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NASA to get $100 million for asteroid mission, senator says

Rick Sternbach / Keck Institute for Space Studies

An artist's illustration of an asteroid retrieval spacecraft capturing a 500-ton asteroid that's 7 meters wide.

By Mike Wall
Space.com

NASA will likely get $100 million next year to jump-start an audacious program to drag an asteroid into orbit around the moon for research and exploration purposes, U.S. Sen. Bill Nelson, D-Fla., says.

The $100 million will probably be part of President Barack Obama's federal budget request for 2014, which is expected to be released next week, Nelson said. The money is intended to get the ball rolling on the asteroid-retrieval project, which also aims to send astronauts out to the captured space rock in 2021.

"This is part of what will be a much broader program," Nelson said Friday during a visit to Orlando. "The plan combines the science of mining an asteroid along with developing ways to deflect one, along with providing a place to develop ways we can go to Mars."

NASA's plan involves catching a near-Earth asteroid (NEA) with a robotic spacecraft, then towing the space rock to a stable lunar orbit, Nelson said. Astronauts would then be sent to the asteroid in 2021 using NASA's Orion capsule and Space Launch System rocket, both of which are in development.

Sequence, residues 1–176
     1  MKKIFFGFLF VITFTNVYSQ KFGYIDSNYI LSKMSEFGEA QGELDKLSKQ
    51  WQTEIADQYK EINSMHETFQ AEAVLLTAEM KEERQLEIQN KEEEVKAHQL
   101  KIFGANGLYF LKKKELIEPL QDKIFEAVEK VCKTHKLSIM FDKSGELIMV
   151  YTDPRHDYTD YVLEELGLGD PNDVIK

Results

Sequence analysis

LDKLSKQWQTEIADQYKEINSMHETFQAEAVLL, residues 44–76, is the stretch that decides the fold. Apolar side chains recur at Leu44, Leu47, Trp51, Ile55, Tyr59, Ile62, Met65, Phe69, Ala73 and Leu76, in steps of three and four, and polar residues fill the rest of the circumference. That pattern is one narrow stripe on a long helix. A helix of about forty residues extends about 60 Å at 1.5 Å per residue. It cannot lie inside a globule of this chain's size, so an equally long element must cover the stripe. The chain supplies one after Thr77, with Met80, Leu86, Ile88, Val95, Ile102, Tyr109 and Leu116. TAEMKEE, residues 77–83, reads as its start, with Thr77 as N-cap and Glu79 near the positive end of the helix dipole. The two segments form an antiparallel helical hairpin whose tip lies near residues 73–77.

The idea is similar to one proposed last year by researchers based at Caltech's Keck Institute for Space Studies in Pasadena.

"Experience gained via human expeditions to the small returned NEA would transfer directly to follow-on international expeditions beyond the Earth-moon system: to other near-Earth asteroids, (the Mars moons) Phobos and Deimos, Mars and potentially someday to the main asteroid belt," the Keck team wrote in a feasibility study of their plan.

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NASA will need much more than this initial $100 million to make the asteroid-retrieval mission happen. The Keck study estimated that it would cost about $2.6 billion to drag a 500-ton, 23-foot-wide (7-meter-wide) space rock back near the moon. (Experts say such an asteroid is too small to threaten Earth. In comparison, the asteroid that blew apart over Russia in February, creating a meteoric blast, was thought to be 55 feet or 17 meters wide.)

Nelson said he thinks the Obama administration is in favor of the asteroid-retrieval plan. In 2010, the president directed NASA to work to get astronauts to a near-Earth asteroid by 2025, then on to the vicinity of Mars by the mid-2030s.

News of the potential $100 million allocation is not a complete surprise, as Aviation Week reported late last month that NASA was seeking that amount in 2014 for an asteroid-retrieval program.

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